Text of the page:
A Public Health Approach to Cannabis Legalization in Canada

Report to: Board of Health

Meeting Date: June 1, 2016

Report Number: BOH Report – BH.01.JUN0116.R12

Prepared by: Amy Estill, Health Promotion Specialist; Jennifer McCorriston, Manager, Chronic Disease, Injury Prevention and Substance Misuse

Approved by: Rita Sethi, Director, Community Health & Wellness

Submitted by: Dr. Nicola Mercer, Medical Officer of Health & CEO



(a) That the Board of Health receives this report for information.

(b) That the Board of Health send a letter to the federal government to support the following recommendations: 

1. Adopt a public health approach to the legalization of non-medical cannabis that includes strict regulations around production, distribution, promotion, and sale.
2. Allow sufficient time to develop and build capacity to implement a policy that includes strict regulation.
3. Establish baseline data and mechanisms to monitor the local use of cannabis and related health and societal outcomes.
4. Develop evidence based prevention and harm reduction messaging for broad and continuous dissemination across the country.


Cannabis has been used recreationally for thousands of years. In 2013, approximately 11% of Canadians1, and 14% of Ontarians2 reported past year use. A recent review of the literature demonstrates an association between cannabis use and acute and chronic health effects, however these effects appear to be concentrated among heavy (daily or near daily) users and individuals that initiate use during adolescence.3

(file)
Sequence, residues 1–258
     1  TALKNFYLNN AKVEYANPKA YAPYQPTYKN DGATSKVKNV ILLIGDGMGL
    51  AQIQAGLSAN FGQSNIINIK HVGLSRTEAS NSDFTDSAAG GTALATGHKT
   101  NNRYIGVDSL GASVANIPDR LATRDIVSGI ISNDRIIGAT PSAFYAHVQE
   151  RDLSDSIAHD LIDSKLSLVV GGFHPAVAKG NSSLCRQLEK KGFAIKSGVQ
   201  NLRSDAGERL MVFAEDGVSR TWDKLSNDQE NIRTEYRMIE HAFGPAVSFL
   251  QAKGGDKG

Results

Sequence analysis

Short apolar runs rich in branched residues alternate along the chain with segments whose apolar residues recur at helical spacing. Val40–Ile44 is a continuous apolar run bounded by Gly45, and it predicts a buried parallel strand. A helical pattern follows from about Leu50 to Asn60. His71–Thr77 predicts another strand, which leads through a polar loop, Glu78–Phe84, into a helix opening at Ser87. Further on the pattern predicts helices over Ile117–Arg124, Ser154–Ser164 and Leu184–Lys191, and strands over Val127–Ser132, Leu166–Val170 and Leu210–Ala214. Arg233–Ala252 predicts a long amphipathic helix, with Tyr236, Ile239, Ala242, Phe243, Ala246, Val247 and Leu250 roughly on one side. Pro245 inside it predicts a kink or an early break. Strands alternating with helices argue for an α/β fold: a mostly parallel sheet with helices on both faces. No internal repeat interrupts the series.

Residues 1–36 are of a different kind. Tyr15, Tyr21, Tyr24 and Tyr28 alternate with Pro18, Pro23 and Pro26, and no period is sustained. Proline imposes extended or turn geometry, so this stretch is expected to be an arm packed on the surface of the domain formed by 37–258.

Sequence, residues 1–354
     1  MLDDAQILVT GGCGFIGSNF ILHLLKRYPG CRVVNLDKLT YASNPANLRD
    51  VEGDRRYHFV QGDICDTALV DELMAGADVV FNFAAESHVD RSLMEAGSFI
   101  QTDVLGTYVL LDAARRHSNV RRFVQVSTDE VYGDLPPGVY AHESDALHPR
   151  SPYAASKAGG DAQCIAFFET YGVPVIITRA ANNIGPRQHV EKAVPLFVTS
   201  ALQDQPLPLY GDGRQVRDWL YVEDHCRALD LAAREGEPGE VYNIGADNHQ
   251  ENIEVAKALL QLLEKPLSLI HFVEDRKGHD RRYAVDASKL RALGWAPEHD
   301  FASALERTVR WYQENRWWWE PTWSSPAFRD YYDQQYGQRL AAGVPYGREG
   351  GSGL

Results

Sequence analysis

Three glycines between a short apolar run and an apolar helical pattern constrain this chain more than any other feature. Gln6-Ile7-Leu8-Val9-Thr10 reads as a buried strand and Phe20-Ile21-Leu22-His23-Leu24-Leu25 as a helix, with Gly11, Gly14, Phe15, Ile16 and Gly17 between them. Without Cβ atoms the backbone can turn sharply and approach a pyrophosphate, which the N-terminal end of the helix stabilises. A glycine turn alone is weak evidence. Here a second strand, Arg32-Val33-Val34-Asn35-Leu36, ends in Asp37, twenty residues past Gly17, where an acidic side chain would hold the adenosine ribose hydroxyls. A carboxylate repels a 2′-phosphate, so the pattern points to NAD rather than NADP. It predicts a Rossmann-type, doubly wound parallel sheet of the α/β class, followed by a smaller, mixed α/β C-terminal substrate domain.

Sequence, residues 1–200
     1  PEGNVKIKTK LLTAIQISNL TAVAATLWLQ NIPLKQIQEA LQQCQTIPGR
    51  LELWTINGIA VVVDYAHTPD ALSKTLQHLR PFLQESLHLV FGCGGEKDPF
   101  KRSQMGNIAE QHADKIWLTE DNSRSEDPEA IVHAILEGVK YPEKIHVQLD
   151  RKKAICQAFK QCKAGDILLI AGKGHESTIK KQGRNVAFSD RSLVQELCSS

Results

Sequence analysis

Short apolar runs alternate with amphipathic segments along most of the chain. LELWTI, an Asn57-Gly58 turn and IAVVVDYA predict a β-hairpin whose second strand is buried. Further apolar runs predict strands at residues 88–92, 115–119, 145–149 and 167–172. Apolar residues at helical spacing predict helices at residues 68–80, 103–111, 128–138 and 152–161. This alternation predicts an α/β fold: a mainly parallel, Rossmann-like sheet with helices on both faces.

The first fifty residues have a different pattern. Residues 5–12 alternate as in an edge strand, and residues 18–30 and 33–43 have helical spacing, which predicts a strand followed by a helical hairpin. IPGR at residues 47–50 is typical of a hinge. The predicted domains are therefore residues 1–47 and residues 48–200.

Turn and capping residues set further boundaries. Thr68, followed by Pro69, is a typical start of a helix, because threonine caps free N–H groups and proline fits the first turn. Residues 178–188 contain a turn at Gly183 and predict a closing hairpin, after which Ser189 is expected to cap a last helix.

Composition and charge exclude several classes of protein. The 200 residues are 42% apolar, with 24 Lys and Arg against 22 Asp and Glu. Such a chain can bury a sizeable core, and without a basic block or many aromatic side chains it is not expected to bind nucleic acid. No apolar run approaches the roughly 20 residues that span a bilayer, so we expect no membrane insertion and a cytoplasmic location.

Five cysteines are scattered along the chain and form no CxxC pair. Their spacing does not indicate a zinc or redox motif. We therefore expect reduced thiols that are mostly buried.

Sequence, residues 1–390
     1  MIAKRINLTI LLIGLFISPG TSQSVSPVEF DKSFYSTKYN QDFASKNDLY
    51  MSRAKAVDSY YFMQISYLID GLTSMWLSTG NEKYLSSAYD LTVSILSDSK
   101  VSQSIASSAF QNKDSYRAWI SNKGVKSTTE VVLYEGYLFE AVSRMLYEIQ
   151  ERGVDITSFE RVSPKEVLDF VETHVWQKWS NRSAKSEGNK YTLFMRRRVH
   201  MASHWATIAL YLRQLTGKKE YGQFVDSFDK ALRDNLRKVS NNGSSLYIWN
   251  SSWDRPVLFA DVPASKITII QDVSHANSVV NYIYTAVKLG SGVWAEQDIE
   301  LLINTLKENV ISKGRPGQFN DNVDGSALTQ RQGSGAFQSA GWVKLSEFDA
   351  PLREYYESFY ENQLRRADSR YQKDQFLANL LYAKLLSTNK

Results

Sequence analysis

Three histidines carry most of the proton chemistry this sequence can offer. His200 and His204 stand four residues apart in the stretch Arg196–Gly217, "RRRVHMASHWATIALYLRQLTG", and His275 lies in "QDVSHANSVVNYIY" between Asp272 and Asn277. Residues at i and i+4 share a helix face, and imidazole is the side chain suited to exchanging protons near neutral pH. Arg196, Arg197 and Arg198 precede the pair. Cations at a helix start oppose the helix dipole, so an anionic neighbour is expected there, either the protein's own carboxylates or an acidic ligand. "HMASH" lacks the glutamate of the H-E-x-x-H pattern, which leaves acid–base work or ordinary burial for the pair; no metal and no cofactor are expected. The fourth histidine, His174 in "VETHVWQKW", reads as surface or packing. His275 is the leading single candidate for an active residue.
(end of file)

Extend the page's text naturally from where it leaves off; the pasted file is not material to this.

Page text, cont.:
Despite cannabis being illegal in Canada under the Controlled Drugs and Substances Act4, it is widely accessible. Additionally, it has been suggested that the current system of criminalization is ineffective, costly and actually leads to greater inequities and health and social harms.5 As such, many agencies have advocated for a new public health approach to cannabis regulation that is based upon the principles of social justice, attention to human rights and equity, evidence-informed policy, and addressing the underlying determinants of health.6

The Centre for Addiction and Mental Health (CAMH) recently released a Cannabis Policy Framework that encourages legalization with strict regulation.5 Wellington-Dufferin-Guelph Public Health (WDGPH) supports the recommendations within this policy framework as an opportunity to regulate cannabis while mitigating potential health risks.   


Cannabis: What is it? 

Cannabis products are known by many different names, some of which include “marijuana”, “pot”, “hash” or “weed”. Regardless of the name, they are all made from the flowers, fruiting tops, or leaves of the Cannabis sativa, Cannabis indica, or Cannabis ruderalis plants. 7,8 Cannabis products can take many different forms based on the way they are processed and can be smoked, vaporized, or ingested orally.7

There are over 480 different chemical compounds present in cannabis, including cannabinoids which have a psychoactive effect.9,10 Delta-9-tetrahydrocannabinol (THC) is the main psychoactive compound present in cannabis and it is often used as a measure of its potency.10 The concentration of psychoactive compounds in the product, the amount of product consumed, the user’s previous experience with the drug, and the method of consumption can impact cannabis’ effects on its users.11  

Prevalence and burden of cannabis use

Cannabis is the most widely used illicit drug in Canada, with approximately 11% of Canadians1 and 14% of Ontarians2 reporting past year use. Although cannabis use is most prevalent among youth and young adults compared to any other age group, over half of cannabis users in Ontario are over the age of 30.2

The Wellington-Dufferin-Guelph Youth Survey indicates that 22% of grade 10 students reported past year cannabis use, and there are no significant differences in use between genders or geographic areas.12 Unfortunately current local data on adult cannabis use from the CCHS is not available due to the exclusion of the illicit drug use module from the Canadian Community Health Survey after 2012. This highlights the need for reliable, consistent baseline data on cannabis use rates and a mechanism to continue to monitor changes over time.